Postmodern Conservative

Let the Devil Take Tomorrow

So (two) people have been wondering why I’ve stopped commenting on popular culture. As well they should, insofar as I appear to stink when it comes to political predictions, current events, and so forth. 

Fortunately, I’m able to tell you about my pop experiences in Atlanta this weekend. They are basically middle-brow and old-guy. And they were fairly potent antidotes to the tendency we all share to get “way existential” about what’s going on in electoral politics. 

My wife and I went to Chastain Park to see Willie Nelson, Kris Kristofferson, and the sons of Merle Haggard, who continue to anchor Haggard’s back-up band, The Strangers. Merle himself was originally scheduled to perform, but he flew away at a very inconvenient time for the tour.

Chastain is a beautiful, entirely outdoor venue in an upscale neighborhood. And upscale people bring gourmet meals, fine wine, tablecloths, and candles to tastefully enjoy at tables while the concerts are going on. That means, of course, that the audience isn’t there just to see the show, and there’s an audible buzz of conversation even during the most compelling performances. It’s not a favorite place for serious musicians to play. But it is quite the place to be.

The main problem with Chastain, though, is parking. That’s why those in the know stay at the Wingate in Buckhead and get shuttled over there in a vehicle that is somewhere between a limo and a bus. This time, it was quite the sing-along party, a limo-bus full of a diverse and mostly unpretentious array of white folks — one of whom came over from Spain just for this experience. They weren’t the usual Chastain crowd, but they were classy in their own way.

Kristofferson played first, starting early and without any introduction. He sang most of the legendary tunes he wrote as a young man. He’s obviously fading in his old age, but he sang forcefully and with genuine emotion, adding the occasional comment to show he is still in touch with the meaning of what he wrote. He knows as well as his audience did that this is pretty darn close to his last rodeo. He didn’t demand but he got respectful attention for who he is and what he’s done.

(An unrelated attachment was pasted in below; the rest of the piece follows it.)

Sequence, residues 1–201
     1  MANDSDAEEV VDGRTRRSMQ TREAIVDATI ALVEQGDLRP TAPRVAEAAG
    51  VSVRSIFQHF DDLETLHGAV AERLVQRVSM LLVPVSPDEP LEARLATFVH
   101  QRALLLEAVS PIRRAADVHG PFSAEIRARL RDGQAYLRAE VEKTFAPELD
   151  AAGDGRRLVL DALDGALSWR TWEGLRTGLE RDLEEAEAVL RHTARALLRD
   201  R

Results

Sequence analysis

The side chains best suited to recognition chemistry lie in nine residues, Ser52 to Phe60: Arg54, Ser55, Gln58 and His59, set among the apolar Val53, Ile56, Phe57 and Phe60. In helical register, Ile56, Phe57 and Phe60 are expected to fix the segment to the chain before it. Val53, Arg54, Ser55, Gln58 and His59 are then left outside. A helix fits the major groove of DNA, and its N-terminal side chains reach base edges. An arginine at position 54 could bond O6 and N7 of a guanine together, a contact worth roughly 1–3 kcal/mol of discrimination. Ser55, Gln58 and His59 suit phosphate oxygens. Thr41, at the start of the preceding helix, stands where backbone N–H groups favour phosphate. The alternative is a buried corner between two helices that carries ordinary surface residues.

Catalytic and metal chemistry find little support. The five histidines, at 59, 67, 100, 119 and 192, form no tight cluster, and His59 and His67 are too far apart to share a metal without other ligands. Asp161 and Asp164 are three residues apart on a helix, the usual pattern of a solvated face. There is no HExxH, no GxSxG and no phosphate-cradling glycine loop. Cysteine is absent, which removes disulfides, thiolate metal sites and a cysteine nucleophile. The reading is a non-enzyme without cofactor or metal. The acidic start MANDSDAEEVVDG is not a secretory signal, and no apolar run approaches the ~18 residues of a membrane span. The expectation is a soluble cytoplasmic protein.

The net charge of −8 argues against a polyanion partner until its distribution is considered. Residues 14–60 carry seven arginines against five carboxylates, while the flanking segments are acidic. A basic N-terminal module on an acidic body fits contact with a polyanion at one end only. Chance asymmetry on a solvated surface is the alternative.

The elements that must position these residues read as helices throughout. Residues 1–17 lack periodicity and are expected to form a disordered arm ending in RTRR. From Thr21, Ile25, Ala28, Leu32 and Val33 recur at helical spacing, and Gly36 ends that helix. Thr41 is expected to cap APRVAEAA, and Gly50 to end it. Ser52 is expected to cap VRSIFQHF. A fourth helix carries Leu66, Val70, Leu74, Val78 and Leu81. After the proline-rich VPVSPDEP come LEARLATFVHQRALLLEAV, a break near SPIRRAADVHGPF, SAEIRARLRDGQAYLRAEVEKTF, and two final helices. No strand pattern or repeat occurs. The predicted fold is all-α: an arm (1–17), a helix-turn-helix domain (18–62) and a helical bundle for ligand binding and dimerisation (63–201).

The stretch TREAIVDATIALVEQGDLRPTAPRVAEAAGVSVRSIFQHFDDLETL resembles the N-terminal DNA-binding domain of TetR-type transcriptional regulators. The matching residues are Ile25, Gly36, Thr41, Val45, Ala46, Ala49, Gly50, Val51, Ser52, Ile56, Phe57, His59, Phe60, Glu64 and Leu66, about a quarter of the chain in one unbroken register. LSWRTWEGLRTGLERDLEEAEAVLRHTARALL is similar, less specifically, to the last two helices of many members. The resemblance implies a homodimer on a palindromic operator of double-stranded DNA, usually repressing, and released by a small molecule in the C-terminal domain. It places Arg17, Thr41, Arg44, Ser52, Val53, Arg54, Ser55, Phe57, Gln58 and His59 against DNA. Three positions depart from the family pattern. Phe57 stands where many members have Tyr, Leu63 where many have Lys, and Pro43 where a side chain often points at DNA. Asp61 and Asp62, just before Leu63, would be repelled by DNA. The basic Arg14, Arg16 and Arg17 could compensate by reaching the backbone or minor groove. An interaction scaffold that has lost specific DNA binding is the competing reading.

So all you can do is wonder about the sophisticated and poetic Rhodes scholar in literature who knew enough to know that his real mentor should be Johnny Cash. And that his heart was big and American enough to write both “Why Me Lord” and “Sunday Morning Coming Down.”

“Freedom is just another word for nothing left to lose,” of course, has been picked up by anti-liberals such as Carey McWilliams to describe an America emptied out by negative freedom. But, you know, there’s also a Christian way of spinning that poetic observation, about surrendering all the seemingly weighty baggage that’s truly smoke that weighs nothing. It’s also about being in love in the present, about letting the devil take tomorrow, because tonight all you need is a friend. Even put that way, it remains pretty Christian — both humble and grateful.

God knows what drives Willie Nelson to keep touring, and certainly his stage show hasn’t changed much in, say, a decade or two. But he’s still great, and maybe better than ever on the guitar. He closes his show with the spiritual trilogy “Will the Circle Be Unbroken,” “Amazing Grace,” and “I’ll Fly Away.” And it’s those tunes that move the audience most and get the most singing along in Atlanta.

So Willie’s heart is big and American enough to be otherworldly and wryly ecological: He wants to be rolled up and smoked when he dies. 

Another distinctively Atlantan tradition is Jimmy and Rosalynn Carter, joining Willy for part of the trilogy. This time it was during “Amazing Grace,” to the wild applause of the audience.

It’s easy and necessary to criticize President Carter for his many misjudgments over the years, but he is a Christian and a class act. The folks on the limo-bus on the way back raised their glasses to the greatest of the humanitarian ex-presidents, while usually adding they actually vote Republican.

I would certainly be happy enough to be able to vote for Jimmy this time around. Sure he’s no Reagan, but all politics ends up being comparative politics — and compared with what we have now . . .

And so there’s a kind of nostalgia for something lost that somehow encompasses Kris, Willie, Merle, Johnny, and in some way even (to a very limited extent) Jimmy Carter. 

I’m not talking here about making America great again or about the manners and morals of the old South. It’s the Baptist, Okie, Texarkansan, big-sinning, hard-drinking and smoking, the-nightlife-that-ain’t-no-good-life, wayfaring-stranger, cowboy/highwaymen/outlaw tradition without nostalgia but with regret for love lost through one’s own damned fault. 

I have more experiences still, but next time . . .

Peter Augustine LawlerPeter Augustine Lawler is Dana Professor of Government at Berry College. He is executive editor of the acclaimed scholarly quarterly Perspectives on Political Science and served on President George ...


The Latest